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BWW Interviews: Stephen Schwartz, WICKED's Composer, Lyricist

Stephen Schwartz wraps up first visit to Manila, Philippines
with a pocket press conference. Photo by Sheila Catilo

By Rocky Christopher Fajardo

Manila, Philippines, February 6, 2014--For a truly gifted musical theater genius, WICKED's composer and lyricist Stephen Schwartz is picture-perfect as the laidback, generous, fun-loving avuncular figure that is the embodiment of all the high-spirited uncles that you've had as a kid growing up. Schwartz, comfortably (and most suitably for the occasion) clad in a black and green sports shirt, dressed-down gray jeans, well-loved sneakers, and seeming much more like the genial "Wizard of Oz" than the green-skinned "Elphaba" (which ironically, he admits, he is more like the latter), was the defining image of easy composure. Ready to bigheartedly answer questions from a select few media representatives, he cheerfully made his entrance onto the plush, intimately-set ambience of the conference room prepared by Concertus Manila and co-sponsor Diamond Hotel Tuesday, February 4.

Looking well-rested, and fresh from his dinner the night before with friends, including fellow musical theater luminary, Tony Award-winning Filipina theater actress, Lea Salonga, Schwartz (a self-confessed morning person), is in a relaxed and unflustered state, even with only three hours left before leaving for his flight back to Los Angeles. With sheer delight, he shares his personal experience of the festive Filipino culture in celebrating town fiestas during his recent trip to see Tagaytay's Taal volcano, South of Manila. Continuing to recount how much he enjoyed seeing the elaborately dressed-up edifices of the town's local structures, he beams with excitement of having an excuse to finally visit the Philippines to be part of the Manila staging of WICKED.

Commending the Australasian touring production for a fantastic job (as he was present to attend a performance of WICKED at the Cultural Center of the Philippines [CCP] last Sunday), he vigorously goes on to say, "It's especially gratifying that I think we were able to bring you a really first-rate production of the show."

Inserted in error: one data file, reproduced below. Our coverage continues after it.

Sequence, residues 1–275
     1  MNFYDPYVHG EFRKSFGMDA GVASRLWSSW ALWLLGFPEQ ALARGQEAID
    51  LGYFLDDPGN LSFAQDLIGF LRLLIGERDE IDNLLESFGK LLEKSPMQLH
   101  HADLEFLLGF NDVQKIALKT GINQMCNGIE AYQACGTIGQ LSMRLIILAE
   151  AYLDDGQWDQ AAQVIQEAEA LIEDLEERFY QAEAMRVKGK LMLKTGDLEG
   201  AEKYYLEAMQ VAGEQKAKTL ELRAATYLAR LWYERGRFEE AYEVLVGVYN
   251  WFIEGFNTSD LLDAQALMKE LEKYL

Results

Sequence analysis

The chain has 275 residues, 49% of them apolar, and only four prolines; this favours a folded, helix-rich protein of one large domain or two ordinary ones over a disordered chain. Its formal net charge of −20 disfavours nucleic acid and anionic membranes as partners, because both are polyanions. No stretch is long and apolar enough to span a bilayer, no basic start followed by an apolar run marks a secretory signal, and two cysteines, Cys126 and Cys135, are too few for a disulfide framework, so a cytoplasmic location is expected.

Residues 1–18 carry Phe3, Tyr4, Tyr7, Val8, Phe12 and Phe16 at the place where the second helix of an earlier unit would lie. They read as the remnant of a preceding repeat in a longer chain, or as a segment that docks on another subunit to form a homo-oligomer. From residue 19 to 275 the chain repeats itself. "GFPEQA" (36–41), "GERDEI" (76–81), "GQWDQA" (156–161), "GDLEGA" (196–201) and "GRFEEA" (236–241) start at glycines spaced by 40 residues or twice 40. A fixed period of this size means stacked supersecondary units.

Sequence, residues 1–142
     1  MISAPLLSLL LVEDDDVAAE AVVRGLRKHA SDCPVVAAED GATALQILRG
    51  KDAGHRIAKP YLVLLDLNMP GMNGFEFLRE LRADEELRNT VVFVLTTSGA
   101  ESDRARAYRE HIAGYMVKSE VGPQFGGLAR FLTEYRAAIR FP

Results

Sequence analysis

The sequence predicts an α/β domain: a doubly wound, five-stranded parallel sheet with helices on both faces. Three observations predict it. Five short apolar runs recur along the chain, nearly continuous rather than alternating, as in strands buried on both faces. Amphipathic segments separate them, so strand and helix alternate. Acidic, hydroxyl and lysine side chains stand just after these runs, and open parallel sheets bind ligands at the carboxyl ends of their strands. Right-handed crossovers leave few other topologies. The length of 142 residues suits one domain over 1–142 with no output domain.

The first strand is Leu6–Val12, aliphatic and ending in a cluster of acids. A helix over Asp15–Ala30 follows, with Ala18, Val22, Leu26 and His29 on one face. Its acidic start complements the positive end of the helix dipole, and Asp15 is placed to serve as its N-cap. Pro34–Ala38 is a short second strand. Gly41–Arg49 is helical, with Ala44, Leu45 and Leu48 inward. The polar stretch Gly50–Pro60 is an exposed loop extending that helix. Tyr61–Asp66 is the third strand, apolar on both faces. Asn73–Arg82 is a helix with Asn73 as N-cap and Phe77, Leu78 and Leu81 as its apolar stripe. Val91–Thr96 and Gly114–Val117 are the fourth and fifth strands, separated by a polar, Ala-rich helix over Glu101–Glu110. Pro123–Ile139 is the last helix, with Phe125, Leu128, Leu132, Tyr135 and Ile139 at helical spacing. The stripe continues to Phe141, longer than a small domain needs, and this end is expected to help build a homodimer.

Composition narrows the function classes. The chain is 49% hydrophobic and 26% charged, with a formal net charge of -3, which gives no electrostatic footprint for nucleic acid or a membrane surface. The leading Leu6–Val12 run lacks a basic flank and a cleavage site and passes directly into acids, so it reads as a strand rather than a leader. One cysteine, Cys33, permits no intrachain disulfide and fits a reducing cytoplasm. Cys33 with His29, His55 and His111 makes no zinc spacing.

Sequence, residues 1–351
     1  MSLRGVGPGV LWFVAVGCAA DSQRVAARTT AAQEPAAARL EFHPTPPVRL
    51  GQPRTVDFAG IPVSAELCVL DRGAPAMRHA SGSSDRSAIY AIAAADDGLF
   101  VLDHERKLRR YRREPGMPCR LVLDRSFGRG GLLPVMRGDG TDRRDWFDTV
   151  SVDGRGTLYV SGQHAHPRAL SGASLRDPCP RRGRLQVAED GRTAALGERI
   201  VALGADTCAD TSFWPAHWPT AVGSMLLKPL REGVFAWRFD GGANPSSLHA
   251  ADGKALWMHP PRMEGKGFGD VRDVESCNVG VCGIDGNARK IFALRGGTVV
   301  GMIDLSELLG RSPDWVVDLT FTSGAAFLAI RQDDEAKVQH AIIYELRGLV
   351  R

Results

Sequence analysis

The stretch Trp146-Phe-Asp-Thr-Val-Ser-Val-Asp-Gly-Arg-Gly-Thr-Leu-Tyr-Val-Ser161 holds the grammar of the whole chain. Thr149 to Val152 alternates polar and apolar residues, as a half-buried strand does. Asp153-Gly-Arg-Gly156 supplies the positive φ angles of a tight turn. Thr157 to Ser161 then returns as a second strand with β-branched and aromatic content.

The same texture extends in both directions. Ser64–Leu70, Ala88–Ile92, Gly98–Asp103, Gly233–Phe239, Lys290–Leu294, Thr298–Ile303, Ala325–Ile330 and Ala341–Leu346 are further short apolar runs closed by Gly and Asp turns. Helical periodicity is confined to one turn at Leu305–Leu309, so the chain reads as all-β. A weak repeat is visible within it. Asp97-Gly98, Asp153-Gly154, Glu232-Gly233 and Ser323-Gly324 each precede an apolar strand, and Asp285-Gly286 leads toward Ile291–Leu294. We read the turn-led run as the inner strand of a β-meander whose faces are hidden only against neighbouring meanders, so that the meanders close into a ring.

Jemma Rix (Elphaba), Suzie Mathers (Glinda) on stage in
WICKED at the Cultural Center of the Philippines. Photo by
Chriselle Fajardo

Having seen most, if not all members, of this touring company in their shows in Auckland, New Zealand, Schwartz admits that this is one of his favorite companies of WICKED. Praising the strength of the entire cast and production crew, most notably the two female leads Suzie Mathers (Glinda) and Jemma Rix (Elphaba), he also shares his appreciation for the excellent work of Karen Johnson Mortimer as local director for WICKED.

"I was very, very happy with what I saw; you know of course I have some thoughts about maybe little ways to make the sound a bit better, and certain small notes, which is sort of my job. But I have come to see productions in other places where there were a lot more work to do. I felt really good about what I saw here, and the audience was extremely enthusiastic the night I came to see it," he enthuses.

According to Schwartz, the WICKED repertoire we know now took more than three years of careful planning and structuring, which is the expected length of pre-production and actual production for any show of this grand scale.

"Intricate collaborations with friend and colleague, Winnie Holzman, for the book; extensive rehearsals with the musical department; and intensive readings and run-throughs with Broadway's original Glinda and Elphaba, Kristin Chenoweth and Idina Menzel, respectively, were among the many preparations they had to push through before the finalization of the complete show," Schwartz recalls.

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